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    If you are referring to a duty to retreat if such is safely possible, that was the law everywhere in the land before 1800-something. Is it "draconian". They didn't think so centuries ago.

    It can make a defense of justification more difficult, but in states that now have a stand your ground law or case law, an attempt to retreat may be very sound tactically and may provide an important point in a defense of justification.

    Somewhere along the way, the concept that a man's home is is castle ceased to apply in many areas. That did not make self defense within the home unlawful, but some people encountered difficulties in demonstrating a reasonable belief that deadly force had been necessary for self defense. Laws have been passed in some areas to state that an unlawful entry (sometimes "with force") provides the occupant with a presumption that imminent danger exists.

    In some "gun friendly" states the stand your ground law does not exist, and in some, there is no castle doctrine. In some states in which one does not have a duty to retreat and in some in which there is a castle doctrine, it is very difficult to obtain the right to carry a firearm.

    The only other area that I can think of in which a self defense law may be considered "draconian" has to do with presenting a weapon if deadly force is not justified. To my knowledge, that is lawful in only two states.

    In all US jurisdictions, one may employ deadly force if it is immediately necessary to defend oneself against an imminent threat of death or serious bodily harm, whether or not one may lawfully own or carry a firearm.
     
  7. Kleanbore

    Kleanbore Moderator

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    That can be very poor advice in a case involving self defense. See this.

    Also read the original article that spawned this tread. The defendant's having not followed the advice given in our "Sticky" may have compounded his legal difficulties.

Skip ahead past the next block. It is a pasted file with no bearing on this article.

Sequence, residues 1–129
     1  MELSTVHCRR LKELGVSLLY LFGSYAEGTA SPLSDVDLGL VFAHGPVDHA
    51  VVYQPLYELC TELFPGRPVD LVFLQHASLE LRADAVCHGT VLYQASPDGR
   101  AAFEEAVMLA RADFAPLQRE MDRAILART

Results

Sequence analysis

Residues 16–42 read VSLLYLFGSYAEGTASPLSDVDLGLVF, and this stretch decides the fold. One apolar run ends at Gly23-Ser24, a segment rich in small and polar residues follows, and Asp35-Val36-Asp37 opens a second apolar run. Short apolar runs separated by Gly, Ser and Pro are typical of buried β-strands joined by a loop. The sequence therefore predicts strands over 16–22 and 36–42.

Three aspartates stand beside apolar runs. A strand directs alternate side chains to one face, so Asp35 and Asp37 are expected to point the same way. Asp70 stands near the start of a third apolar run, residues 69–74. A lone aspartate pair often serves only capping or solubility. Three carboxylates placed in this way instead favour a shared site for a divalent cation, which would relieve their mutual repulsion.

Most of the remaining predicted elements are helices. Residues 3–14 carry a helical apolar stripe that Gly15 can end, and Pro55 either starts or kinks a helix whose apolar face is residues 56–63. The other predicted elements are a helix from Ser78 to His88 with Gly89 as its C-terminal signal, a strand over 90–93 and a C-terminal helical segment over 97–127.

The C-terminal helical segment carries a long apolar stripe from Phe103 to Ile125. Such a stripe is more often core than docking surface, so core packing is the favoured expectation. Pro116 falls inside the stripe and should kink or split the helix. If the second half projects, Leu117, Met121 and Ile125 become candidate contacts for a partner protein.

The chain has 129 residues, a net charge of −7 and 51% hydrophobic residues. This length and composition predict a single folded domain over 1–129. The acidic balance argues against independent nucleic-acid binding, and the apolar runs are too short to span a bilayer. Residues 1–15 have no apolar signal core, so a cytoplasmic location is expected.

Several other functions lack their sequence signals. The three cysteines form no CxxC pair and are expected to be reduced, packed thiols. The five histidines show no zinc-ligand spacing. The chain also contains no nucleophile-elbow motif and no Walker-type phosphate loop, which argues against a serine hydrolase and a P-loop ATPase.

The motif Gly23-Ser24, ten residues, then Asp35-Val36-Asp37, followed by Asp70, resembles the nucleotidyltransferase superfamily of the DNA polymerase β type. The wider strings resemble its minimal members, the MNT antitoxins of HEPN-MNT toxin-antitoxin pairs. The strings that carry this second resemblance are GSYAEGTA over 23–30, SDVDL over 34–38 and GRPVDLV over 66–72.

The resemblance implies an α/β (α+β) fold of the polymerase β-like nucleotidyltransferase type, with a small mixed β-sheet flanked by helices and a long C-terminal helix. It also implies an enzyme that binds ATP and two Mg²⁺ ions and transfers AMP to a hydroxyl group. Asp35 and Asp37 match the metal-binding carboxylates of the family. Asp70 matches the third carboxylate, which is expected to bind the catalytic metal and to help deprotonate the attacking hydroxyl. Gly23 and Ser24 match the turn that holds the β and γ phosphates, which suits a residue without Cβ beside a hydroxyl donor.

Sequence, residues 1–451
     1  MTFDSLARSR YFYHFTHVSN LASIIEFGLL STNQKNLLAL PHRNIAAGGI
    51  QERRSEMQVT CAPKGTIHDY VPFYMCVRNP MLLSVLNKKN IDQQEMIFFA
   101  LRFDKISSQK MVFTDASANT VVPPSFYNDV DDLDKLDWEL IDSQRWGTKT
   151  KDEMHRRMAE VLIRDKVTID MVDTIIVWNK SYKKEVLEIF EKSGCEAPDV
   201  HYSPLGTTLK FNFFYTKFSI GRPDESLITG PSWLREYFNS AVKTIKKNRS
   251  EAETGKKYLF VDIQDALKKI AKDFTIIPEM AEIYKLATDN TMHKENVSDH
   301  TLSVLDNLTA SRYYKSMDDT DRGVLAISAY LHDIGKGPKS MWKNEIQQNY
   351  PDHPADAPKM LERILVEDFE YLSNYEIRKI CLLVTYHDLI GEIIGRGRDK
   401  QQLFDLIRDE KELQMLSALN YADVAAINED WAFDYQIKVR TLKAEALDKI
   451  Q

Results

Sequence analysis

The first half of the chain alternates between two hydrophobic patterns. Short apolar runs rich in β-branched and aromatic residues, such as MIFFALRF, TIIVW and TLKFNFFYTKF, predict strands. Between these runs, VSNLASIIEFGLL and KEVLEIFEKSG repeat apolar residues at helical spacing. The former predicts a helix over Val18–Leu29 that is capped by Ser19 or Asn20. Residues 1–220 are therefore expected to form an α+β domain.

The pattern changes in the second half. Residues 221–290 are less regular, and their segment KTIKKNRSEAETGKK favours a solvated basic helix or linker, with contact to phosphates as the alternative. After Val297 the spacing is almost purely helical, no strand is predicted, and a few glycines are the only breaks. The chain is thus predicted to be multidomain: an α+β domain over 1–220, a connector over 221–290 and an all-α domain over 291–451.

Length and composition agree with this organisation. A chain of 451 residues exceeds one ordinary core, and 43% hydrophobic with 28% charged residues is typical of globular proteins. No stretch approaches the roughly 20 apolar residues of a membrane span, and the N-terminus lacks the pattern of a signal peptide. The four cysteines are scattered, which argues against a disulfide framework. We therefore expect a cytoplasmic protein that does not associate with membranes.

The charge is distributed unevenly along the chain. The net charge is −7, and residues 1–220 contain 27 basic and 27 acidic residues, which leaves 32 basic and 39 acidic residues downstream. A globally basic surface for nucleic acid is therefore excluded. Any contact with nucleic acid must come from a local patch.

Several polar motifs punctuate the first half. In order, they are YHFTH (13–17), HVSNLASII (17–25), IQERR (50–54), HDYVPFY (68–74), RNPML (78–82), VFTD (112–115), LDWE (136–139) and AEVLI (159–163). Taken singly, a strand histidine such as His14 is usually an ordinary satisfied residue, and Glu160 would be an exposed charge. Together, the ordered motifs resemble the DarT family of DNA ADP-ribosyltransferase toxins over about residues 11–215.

8. catnphx

    catnphx Member

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    I thought this was a rather interesting development 6-7 months ago. Maricopa County is basicaly Metro Phoenix (which consists of several connected towns). The hope is that what happened to Hickey in Tucson doesn't happen in Phoenix.

    News Release from County Attorney

    Maricopa County Attorney Establishes Self-Defense Review Committee

     
  9. Bartholomew Roberts

    Bartholomew Roberts Moderator Emeritus

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    One more shooting case you can add to the list, fiddletown is that of Gerald Ung in Philadelphia. It is also unique in that there is actual video of the shooting and the incidents leading up to it. Since his attacker was the son of a prominent attorney and the nephew of a city politician, the shooting also generated a lot of Internet buzz - you can still read all kinds of attacks on Gerald Ung's character and motives.

    One thing these four shootings all have in common: all are cases where an armed person shot an unarmed person. Also, all four shootings happened in semi-public places, though two of the shootings took place in the yard or driveway of the person's own home.

    I think another important point to understand is that making the "disparity of force" justification for a self-defense shoot can be very difficult. In the Ung video, he is attacked by several men ON VIDEO and he gets prosecuted. In the Hickey case, he was attacked by three people in his own driveway. In the Abshire case, he was attacked in his yard by six men. He had been knocked down into a ditch, had his front teeth cracked, and one man was sitting on top of him while another man kicked him.*

    That is a possibility. On the other hand, Mark Abshire did use pepper spray in an attempt to break up the attack on him and it didn't help the outcome of his attack or the decision to charge him. It is always nice to have options though as long as you've got the training to use them effectively.

    Looking at all these cases, a couple of ideas are floating around my head:

    1. Video cameras are ubiquitous these days. That doesn't mean you will be as fortunate as Gerald Ung; but you might be. However, most of them lack audio. It isn't enough to say non-threatening things, you want your body language to also convey "non-threatening" while at the same time maintaining your ability to respond to threats. One gesture I like is the open hands abot mid-torso level backing away. It is kind of a universal gesture of surrender, yet it keeps your hands in front of you and ready.